A few days ago we headed into a part of the Swiss Alps that has continual comparisons made to the Himalaya. It is one of the more remote corners of the Alps with few reasons to go beyond exploring an entirely alpine world. If a 7-8 hour walk up a long, glacier filled valley sounds good to you – the Grimsel Pass entry to the Finsteraargletscher and a night at the Aarbiwak is the place to go.
We had recently watched Chasing Ice – the film about James Balog’s work photographing glaciers in their speedy retreat from this planet. Standing on the Unteraargletscher and Finsteraargletscher, we were in shock at the amount these glaciers have dropped. Scars several hundred meters on the mountains above serve as glaring evidence of the depth these rivers of ice once flowed. Once home, we visited the website Gletscher Archive and found images of the very glaciers we explored. Only one hundred years ago, the very ice we hiked on would have been about 80 meters deeper.
If you love the mountains, explore these glaciers before it is too late. They are a magical world for reasons mostly felt while moving amongst them. Their beauty is sublime, but so too is the feeling of their energy and all the characteristics not so obvious from just looking from a distance. They must be experienced.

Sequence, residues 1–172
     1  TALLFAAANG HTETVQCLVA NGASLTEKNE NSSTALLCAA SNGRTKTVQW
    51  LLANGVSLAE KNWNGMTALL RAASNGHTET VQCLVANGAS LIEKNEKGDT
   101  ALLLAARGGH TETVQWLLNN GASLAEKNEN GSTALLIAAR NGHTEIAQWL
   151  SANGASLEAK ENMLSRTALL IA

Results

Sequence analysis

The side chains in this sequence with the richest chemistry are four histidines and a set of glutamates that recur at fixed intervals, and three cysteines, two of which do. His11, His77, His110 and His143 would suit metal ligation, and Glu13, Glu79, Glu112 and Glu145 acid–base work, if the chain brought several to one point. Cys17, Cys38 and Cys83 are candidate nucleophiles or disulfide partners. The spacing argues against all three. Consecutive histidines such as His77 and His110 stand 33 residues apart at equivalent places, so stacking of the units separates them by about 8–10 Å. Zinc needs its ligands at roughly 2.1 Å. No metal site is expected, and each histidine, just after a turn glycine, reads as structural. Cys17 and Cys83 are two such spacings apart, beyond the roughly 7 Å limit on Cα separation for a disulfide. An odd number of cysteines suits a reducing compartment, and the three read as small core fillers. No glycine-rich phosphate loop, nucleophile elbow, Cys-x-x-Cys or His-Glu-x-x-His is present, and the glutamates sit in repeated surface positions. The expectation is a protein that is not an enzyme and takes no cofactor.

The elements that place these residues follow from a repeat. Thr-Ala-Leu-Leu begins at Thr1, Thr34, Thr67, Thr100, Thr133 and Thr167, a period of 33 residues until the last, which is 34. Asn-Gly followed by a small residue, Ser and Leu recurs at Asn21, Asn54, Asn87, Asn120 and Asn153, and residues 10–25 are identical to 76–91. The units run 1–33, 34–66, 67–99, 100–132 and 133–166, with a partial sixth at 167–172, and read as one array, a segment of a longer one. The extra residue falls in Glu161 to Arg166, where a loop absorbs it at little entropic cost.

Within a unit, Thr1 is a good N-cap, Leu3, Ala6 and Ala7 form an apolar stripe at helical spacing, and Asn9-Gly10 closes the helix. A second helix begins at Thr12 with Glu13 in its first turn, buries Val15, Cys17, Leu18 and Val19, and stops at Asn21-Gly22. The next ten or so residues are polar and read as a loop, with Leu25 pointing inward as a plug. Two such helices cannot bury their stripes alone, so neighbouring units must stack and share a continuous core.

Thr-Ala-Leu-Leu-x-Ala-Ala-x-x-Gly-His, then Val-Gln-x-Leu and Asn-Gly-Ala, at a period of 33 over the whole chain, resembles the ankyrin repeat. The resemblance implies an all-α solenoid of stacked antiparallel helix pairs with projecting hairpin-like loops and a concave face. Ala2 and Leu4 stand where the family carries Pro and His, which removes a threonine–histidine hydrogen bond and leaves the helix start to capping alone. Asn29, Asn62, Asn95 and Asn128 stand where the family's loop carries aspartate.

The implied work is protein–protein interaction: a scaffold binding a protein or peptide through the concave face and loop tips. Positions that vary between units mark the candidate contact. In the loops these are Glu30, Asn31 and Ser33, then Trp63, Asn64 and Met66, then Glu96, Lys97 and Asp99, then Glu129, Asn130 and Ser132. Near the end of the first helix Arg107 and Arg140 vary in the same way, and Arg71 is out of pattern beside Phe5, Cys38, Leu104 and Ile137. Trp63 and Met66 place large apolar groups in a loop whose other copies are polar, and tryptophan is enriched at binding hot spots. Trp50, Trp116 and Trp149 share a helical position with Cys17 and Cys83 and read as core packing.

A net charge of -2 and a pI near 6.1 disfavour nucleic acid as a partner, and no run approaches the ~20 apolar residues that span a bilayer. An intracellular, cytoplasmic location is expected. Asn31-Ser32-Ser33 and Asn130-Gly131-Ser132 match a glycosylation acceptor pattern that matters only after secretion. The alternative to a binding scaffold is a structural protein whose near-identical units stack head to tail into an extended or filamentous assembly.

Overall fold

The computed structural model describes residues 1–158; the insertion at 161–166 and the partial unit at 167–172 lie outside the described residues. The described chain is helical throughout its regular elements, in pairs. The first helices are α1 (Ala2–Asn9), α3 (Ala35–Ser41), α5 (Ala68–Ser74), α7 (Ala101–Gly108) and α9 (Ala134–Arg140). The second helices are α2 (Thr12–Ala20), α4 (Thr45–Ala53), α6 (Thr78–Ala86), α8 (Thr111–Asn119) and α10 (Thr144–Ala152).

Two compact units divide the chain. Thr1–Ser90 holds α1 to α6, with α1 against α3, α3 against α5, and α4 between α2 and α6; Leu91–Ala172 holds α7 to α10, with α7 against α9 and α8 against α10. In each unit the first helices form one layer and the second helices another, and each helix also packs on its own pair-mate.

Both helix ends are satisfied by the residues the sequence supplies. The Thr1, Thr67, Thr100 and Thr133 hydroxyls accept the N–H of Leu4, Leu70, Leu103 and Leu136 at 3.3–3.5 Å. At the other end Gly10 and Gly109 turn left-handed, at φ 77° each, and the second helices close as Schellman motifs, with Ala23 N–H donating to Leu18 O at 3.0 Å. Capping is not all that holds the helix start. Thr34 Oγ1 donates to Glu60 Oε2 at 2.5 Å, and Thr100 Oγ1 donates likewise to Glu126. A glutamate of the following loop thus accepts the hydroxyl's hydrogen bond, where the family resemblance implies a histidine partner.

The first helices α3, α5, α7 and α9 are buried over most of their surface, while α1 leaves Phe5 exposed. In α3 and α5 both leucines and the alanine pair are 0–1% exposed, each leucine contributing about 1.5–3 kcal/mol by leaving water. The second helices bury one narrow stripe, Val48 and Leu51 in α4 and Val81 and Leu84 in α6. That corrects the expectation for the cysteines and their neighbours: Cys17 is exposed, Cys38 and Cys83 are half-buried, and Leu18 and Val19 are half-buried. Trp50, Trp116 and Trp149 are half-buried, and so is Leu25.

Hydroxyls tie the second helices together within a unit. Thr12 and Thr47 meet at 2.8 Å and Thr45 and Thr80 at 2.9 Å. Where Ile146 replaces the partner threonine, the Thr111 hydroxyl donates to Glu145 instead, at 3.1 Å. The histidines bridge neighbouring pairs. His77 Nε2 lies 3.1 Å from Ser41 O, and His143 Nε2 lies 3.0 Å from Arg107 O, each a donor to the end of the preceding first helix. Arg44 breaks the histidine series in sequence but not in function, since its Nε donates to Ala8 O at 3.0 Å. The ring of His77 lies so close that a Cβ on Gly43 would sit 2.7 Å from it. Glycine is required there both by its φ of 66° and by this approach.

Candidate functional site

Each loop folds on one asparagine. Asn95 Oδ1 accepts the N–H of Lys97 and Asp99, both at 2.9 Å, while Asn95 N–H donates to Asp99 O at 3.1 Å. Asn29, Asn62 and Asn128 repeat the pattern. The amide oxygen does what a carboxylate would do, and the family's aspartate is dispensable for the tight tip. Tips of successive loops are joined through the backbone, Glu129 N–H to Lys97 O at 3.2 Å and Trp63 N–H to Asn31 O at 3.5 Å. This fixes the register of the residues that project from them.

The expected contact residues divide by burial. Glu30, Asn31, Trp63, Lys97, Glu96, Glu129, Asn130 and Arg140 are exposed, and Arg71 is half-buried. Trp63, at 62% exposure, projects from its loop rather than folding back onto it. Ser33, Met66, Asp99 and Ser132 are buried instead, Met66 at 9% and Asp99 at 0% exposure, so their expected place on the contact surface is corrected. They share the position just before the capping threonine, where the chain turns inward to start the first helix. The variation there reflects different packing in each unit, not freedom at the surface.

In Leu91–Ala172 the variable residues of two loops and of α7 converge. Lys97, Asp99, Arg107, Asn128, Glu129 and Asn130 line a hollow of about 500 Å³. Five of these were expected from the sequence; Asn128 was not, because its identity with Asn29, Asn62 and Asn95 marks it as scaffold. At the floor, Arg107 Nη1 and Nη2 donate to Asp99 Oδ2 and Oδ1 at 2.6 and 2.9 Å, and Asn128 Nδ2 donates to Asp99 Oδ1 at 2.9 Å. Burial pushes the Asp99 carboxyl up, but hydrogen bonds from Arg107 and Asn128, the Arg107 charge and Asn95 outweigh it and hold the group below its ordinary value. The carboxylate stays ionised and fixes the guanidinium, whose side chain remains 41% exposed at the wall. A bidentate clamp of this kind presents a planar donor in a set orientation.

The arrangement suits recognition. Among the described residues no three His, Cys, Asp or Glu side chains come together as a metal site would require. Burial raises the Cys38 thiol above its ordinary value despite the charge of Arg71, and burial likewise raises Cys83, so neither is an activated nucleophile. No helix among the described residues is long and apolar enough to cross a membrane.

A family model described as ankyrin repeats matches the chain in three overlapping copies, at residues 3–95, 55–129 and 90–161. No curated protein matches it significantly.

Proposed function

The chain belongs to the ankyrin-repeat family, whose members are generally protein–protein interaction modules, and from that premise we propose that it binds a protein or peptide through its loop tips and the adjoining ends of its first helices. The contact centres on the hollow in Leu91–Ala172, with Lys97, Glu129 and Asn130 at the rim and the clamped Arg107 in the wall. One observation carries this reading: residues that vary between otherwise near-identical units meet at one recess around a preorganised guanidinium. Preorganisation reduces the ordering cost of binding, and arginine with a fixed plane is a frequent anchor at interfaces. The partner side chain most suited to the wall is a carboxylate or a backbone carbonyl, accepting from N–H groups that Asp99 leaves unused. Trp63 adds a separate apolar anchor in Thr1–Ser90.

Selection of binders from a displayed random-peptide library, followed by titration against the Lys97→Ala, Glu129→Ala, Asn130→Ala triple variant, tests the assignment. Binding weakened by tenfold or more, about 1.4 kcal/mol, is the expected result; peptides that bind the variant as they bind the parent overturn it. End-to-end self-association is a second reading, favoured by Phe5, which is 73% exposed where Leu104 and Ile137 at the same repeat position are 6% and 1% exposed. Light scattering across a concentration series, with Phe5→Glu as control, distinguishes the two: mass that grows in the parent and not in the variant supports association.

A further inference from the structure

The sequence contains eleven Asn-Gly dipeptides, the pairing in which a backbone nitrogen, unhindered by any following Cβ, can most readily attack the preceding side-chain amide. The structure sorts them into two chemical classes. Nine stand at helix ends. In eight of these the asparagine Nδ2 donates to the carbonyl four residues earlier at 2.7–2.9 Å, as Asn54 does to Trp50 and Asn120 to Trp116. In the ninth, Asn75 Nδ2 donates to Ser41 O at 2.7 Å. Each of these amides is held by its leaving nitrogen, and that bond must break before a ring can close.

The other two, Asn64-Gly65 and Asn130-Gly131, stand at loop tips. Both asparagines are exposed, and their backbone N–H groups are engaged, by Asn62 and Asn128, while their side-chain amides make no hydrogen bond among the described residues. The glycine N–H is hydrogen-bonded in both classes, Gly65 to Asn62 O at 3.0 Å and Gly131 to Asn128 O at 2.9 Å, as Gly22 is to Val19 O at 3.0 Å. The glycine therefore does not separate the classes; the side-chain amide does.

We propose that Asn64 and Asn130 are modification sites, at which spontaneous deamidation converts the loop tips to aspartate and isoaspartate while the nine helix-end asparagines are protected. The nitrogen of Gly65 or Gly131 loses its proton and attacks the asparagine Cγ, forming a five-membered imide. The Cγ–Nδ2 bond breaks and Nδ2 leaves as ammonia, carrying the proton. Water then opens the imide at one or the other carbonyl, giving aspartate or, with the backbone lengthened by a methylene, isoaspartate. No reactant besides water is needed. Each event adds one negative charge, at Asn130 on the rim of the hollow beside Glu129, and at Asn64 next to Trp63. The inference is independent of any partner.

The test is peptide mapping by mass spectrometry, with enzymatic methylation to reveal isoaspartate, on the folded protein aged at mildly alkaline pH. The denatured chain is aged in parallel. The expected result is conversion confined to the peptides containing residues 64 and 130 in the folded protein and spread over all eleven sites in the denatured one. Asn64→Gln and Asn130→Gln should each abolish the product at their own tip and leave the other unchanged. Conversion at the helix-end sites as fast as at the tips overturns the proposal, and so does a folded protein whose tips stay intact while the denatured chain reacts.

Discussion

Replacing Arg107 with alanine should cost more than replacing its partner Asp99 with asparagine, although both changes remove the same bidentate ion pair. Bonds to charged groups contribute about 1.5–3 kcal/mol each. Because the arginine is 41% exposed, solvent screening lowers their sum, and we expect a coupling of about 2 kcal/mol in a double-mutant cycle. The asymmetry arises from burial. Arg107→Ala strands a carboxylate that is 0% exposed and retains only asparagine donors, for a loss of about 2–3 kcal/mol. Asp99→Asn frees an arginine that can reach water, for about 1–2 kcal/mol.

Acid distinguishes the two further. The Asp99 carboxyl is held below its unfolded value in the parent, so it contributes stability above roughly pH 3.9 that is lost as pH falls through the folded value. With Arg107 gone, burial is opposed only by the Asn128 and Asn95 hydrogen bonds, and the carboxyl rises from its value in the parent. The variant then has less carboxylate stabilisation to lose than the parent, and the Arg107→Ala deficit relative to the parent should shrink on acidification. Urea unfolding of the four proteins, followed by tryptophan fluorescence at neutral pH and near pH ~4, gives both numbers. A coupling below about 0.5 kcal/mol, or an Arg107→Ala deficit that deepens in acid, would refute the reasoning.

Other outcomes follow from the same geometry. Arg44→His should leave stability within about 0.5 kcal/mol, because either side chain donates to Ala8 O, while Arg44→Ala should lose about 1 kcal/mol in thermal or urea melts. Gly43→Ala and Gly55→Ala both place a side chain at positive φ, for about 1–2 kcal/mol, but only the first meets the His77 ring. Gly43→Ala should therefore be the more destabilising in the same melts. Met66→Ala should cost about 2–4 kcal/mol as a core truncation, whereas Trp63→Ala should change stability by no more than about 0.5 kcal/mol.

Finally, on our walk back out we witnessed a scene of the impact the melting glaciers are having on human interaction with the mountains. The Lauteraarhütte sits a few hours walk from the trailhead in a commanding position to look out on several 4000 meter peaks and vast alpine terrain. Yet the hut, built in the 1800’s just above the ice, now sits perched more than 200 meters above the glacier. Relatively few hikers find reason to hike all the way back, and then so far up, to a hut. As much as we would have liked to see it, we too skipped it for the difficulty accessing the beautiful location. But then we heard drilling, and there, just above the glacier we saw a work party installing ladders as a direct, and nearly vertical path to the hut. Sadly, we shook our heads and carried on down what’s left of the glacier.
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